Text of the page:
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Skeleton found after 36-year mystery: Was mum's death sinister?

Author
Melissa Nightingale,
Publish Date
Sat, 11 May 2024, 9:39am
Patricia Burt's remains were found on this steep slope under dense undergrowth, which has since been cleared so her skeleton could be removed.
Patricia Burt's remains were found on this steep slope under dense undergrowth, which has since been cleared so her skeleton could be removed.

Skeleton found after 36-year mystery: Was mum's death sinister?

Author
Melissa Nightingale,
Publish Date
Sat, 11 May 2024, 9:39am

A DNA match has confirmed a skeleton found in a remote area of Porirua belongs to a woman who went missing from the nearby psychiatric hospital 36 years ago.  

But a visit to the “godforsaken place” where the remains were found has left the woman’s daughter with more questions than answers.  

Hilary Martin had earlier told the Herald she believed her mother had died by suicide, having previously told her family if she had to go back to Porirua Hospital she would disappear and nobody would ever find her. 

But Martin said a visit to the site had left her questioning how her mother, Patricia Burt, was able to travel rugged terrain and a steep slope in slippers and with osteoporosis to reach the spot where she was eventually found.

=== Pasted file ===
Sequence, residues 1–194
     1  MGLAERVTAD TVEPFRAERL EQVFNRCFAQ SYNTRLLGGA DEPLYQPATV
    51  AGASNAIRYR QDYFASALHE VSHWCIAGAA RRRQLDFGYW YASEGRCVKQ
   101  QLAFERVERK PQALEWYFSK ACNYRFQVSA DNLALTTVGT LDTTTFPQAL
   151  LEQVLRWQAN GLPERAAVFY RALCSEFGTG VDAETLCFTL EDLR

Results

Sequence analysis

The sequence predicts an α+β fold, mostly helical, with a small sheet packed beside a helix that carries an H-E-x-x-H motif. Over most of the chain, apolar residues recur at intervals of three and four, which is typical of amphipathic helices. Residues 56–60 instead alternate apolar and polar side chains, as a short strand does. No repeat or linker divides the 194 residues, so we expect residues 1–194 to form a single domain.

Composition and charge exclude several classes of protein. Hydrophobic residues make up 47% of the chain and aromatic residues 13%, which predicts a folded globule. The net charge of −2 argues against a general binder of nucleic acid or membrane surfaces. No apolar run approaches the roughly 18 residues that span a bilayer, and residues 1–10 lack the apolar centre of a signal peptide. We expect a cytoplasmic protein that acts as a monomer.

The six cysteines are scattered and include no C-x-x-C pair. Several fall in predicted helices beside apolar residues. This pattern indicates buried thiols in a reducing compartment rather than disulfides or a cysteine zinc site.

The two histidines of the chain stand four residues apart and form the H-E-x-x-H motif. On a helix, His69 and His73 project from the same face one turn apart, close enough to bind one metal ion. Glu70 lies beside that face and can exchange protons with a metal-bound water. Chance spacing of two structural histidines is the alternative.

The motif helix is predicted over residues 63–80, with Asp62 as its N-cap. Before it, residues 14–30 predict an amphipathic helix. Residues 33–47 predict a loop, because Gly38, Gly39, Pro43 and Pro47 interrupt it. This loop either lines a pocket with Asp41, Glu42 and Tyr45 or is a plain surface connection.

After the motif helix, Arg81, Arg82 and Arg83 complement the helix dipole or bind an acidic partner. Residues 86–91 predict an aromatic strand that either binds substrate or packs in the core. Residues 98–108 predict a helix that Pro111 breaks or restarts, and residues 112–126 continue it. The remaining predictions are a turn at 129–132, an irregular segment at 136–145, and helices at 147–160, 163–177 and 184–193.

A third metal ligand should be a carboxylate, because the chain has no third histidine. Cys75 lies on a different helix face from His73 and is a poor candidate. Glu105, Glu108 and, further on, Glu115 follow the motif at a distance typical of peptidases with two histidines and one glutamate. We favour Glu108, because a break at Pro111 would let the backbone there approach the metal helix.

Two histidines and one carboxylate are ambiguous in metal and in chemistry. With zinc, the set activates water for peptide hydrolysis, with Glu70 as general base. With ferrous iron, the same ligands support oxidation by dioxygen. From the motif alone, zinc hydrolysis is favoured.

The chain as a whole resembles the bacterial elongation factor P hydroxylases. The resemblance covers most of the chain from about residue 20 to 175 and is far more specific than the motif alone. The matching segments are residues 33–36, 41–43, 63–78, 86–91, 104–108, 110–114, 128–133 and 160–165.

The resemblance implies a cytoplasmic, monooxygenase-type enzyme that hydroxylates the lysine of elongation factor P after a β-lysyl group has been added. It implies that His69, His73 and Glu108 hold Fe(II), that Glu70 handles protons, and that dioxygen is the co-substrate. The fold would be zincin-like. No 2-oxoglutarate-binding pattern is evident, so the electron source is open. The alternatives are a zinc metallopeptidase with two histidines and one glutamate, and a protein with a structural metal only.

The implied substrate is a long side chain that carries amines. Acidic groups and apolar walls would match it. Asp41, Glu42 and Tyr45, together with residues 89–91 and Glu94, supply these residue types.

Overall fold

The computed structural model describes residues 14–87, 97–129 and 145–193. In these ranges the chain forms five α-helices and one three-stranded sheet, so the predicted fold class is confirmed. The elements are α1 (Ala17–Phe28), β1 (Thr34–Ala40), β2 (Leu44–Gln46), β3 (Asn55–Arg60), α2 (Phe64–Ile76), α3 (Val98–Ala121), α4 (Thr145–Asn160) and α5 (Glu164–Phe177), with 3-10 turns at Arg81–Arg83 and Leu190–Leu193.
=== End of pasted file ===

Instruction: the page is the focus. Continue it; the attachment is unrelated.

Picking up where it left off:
The officer in charge of the investigation, Detective Senior Sergeant Hamish Blackburn, said police had uncovered no evidence of foul play or suspicious activity. 

“I said to Hilary ‘we are never going to fully understand or have the answers as to how [she] came to be there’,” he said. 

Burt, 68, disappeared on Easter weekend 1988. Her family said she was never searched for, and a police officer at the time told them they did not look for people who went missing from Porirua Hospital. 

Martin earlier told the Herald her mother had struggled with mental health issues her entire life and had been taken to Porirua Hospital many times, where she received electroshock therapy. 

Martin said police had since told her Burt had been diagnosed with dementia right before she disappeared. 

She and her family believed her mother had died by suicide, but after visiting the site in Porirua’s Whitireia Park in March, she now believed something suspicious had happened to Burt, or that she may have died by “misadventure”. 

The site where Patricia Burt's skeleton was discovered. Photo / Hilary MartinThe site where Patricia Burt's skeleton was discovered. Photo / Hilary Martin 

“The site was far too difficult for anybody to get there. Someone would have to be an Olympian or very fit person to be able to climb the rugged hill we climbed,” she said. 

Police escorted Martin and her husband to the site in a 4WD, taking them through a locked gate and high up a ridge, which they then had to climb down to the area where the remains were found. 

Neither she nor her husband felt they would have been able to access the area without police help, even in their youth.